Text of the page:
Friday, October 8, 2010



In the UK, Katharine Birbalsingh, is a top schoolteacher.

She is the daughter of immigrant parents from the Caribbean.

She has recently said that bad behaviour and lack of discipline in UK schools is stopping teachers from getting on with teaching. (Deputy head who dared attack the State school system is sent home)

Birbalsingh, who teaches French, wrote about her experiences anonymously – in a blog that will be turned into a book, To Miss with Love.

She said (head wants to axe bad teachers and drive out the unions):

‘In schools and in society, we need high expectations, of everyone, even if you’re black, or live on a council estate...

‘We need to instil competition amongst the kids and help build their motivation by ensuring they’re not given everything and that they are held to account for what they do.

‘We have a situation where standards have been so dumbed down that even the children know it.

‘When I give them past exam papers to do from 1998, they groan and beg for a 2005 or 6 paper, because they know it’ll be easier.’

‘Exclusion quotas bind our headteachers, league tables have all of us pursuing targets and grades. Instead of teaching properly ... the ordinary child … is lost in a sea of bureaucracy handed down from the well meaning.’

Ranking children by ability was viewed as poisonous by teachers, she said, which meant that pupils ‘live in darkness, without any idea of how they compare to those around them, let alone to those who are educated in the private sector’.

She added: ‘Black underachievement is due in part to the chaos of our classrooms, and in part, to the accusation of racism.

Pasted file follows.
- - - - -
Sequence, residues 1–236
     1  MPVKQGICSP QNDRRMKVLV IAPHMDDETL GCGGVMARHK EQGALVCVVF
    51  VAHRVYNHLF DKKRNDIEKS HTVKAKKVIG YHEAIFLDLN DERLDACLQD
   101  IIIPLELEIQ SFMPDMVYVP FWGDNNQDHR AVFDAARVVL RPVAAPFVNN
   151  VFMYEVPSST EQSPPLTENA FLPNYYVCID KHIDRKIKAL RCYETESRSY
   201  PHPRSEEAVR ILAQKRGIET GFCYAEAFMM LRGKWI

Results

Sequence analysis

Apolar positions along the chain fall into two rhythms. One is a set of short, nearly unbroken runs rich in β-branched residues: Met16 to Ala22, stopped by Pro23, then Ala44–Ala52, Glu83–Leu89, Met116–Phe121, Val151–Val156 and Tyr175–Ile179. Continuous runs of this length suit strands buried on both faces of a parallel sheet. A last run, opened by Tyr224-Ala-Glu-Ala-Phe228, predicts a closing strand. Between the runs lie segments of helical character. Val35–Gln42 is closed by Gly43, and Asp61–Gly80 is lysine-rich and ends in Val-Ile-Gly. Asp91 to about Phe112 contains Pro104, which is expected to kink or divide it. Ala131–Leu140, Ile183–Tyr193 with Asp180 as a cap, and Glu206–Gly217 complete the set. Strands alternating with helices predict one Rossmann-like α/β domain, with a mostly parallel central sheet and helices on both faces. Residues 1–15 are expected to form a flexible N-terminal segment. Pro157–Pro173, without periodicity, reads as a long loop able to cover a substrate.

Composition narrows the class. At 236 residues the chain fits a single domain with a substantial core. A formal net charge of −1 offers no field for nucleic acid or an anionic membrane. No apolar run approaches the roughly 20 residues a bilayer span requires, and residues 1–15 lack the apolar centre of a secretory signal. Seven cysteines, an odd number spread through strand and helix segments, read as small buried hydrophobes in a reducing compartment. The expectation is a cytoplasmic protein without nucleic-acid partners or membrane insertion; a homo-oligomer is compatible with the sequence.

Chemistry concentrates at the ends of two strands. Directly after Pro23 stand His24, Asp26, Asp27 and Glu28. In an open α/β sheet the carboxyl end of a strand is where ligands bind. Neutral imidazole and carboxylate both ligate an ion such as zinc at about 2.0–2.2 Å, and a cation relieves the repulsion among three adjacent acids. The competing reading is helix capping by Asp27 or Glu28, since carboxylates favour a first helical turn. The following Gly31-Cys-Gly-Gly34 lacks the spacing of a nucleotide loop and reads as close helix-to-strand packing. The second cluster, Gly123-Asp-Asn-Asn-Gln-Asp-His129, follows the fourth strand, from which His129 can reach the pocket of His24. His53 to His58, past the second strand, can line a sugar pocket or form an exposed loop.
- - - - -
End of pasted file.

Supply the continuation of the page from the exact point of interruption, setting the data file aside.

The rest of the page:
‘If you keep telling teachers that they’re racist for trying to discipline black boys, and if you keep telling heads that they’re racist for trying to exclude black boys, in the end, the schools stop reprimanding these children.

‘Black children underachieve because of what the well-meaning liberal does to him.’

Miss Birbalsingh said the biggest problem in the system was the destruction of behavioural and academic standards.

‘I don’t think ordinary parents have any idea about what goes on in their schools. But it is totally and utterly chaotic. Teachers spend most of their time telling children to sit down or stop disrupting the class rather than teaching.’

Miss Birbalsingh said there was a conspiracy of silence in staffrooms because teachers were too afraid of being branded as failures if they admitted how bad the true picture was.

‘League tables tell you nothing about how good a school really is, just how good the school is at playing the system and picking the easier exams,’ she said.

‘I’d like to see bad teachers getting fired and heads given the powers to discipline children.’


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